I met a hiker on the Appalachian Trail Sunday. Actually, he was on the AT. He had been on the trail since Binghamton, NY, heading for a family gathering in Tennessee. I was on a woods road that crossed it.
I did not keep him long; he wanted to make it to the next southbound shelter before turning in for the night. He seemed well equipped for the excursion, though I hope he made it before the snow set in. That was Sunday. This is Wednesday as I write these thoughts, and the white stuff has been falling here in the valley nearly three days. There is only 11 inches to be measured in my back yard, but I’d wager there is more to be measured where Genoa was walking.
Genoa and I met on Ridge Road, above Long Pine Reservoir, on what turned out for me to be a successful hunt for interesting stuff.
A short walk into the woods, far enough to leave sight of the road behind, a young pine had begun to grow straight up, decided to return to its birthplace on the ground, then decided that was a bad plan and bent its way toward the sky. The result was a 360-degree curl in an otherwise ruler-straight trunk. There probably is a logical explanation, but I prefer to think an elven child gave the trunk a twist just because it seemed a fun thing to do, perhaps knowing one day a human would happen by and wonder, “How did that happen?”
Also, I found two other pine trees warped like a set of railroad tracks wending around invisible hills, then hung vertically from hooks somewhere in the clouds. Long smooth curves with no obvious cause.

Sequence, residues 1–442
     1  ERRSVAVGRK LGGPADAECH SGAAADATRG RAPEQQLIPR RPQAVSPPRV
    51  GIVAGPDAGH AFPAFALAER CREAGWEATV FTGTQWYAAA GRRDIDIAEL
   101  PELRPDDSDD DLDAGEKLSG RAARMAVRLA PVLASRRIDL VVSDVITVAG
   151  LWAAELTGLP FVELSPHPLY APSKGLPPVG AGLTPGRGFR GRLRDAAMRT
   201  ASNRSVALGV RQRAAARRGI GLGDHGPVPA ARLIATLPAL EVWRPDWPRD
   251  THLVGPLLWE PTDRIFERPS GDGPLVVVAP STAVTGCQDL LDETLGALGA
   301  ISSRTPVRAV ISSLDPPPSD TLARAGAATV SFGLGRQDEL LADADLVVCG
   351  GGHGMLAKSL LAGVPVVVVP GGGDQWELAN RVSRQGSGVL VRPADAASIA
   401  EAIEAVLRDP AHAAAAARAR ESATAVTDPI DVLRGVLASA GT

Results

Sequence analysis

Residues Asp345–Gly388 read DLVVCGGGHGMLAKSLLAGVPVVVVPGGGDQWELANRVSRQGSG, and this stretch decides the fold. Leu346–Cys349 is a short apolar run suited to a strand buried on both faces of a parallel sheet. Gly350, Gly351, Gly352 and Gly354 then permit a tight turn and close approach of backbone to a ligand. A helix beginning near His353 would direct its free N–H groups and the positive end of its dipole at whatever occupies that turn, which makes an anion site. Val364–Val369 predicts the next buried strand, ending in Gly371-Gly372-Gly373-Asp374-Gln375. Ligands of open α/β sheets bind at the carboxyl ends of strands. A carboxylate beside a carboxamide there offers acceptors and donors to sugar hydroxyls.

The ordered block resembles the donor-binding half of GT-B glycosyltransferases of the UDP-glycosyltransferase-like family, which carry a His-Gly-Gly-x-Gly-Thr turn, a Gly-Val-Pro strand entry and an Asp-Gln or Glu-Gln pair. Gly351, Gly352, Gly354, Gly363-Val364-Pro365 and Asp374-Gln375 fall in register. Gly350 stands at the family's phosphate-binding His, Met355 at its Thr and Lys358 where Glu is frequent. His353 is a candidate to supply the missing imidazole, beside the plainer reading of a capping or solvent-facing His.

On a young oak sapling, its buds waiting their spring cue to celebratory explosion, several spherical objects the color and shape of ripened puffball mushrooms, hard shelled and hollow, caught my attention from their random attachments on the branches. They appear to be wasp galls — sometimes called “Oak apples” — the result of a certain breed of wasp planting it’s seed in an oak bud or branch. The planted egg becomes a larva that builds those nifty brown balls.
On the way home, as I looked across pastures and treetops for nothing in particular, there it was, a couple hundred yards away and more than 100 feet up in the crown. From the distance, it could have been a squirrel nest, except it was the only one in sight, and if there is one squirrel nest, there are at least a dozen more. I shot a few frames and zoomed in on the mages to reveal the sticks of a raptor’s nest. I could not tell in the camera’s viewer whether there was a bird, but when I got home and on the larger computer screen, there it was.
Probably it was a red-tailed hawk on the nest. It could have been an eagle; a creek ran nearby and Bald Eagles have been reported downstream. Or it could have been an osprey, of which sightings also have been reported, poking its head barely up from the rim of the nest. But I have seen a Red-tail or two hunting in the area, so I will go back and try to identify the nest owner, and maybe be lucky enough to get a look at the offspring.
Finally, a day in the woods, and a couple of discoveries I’d gone seeking without knowing what they would be. I’ll likely meet more AT hikers, and I’d love to get a peek at those bird progeny.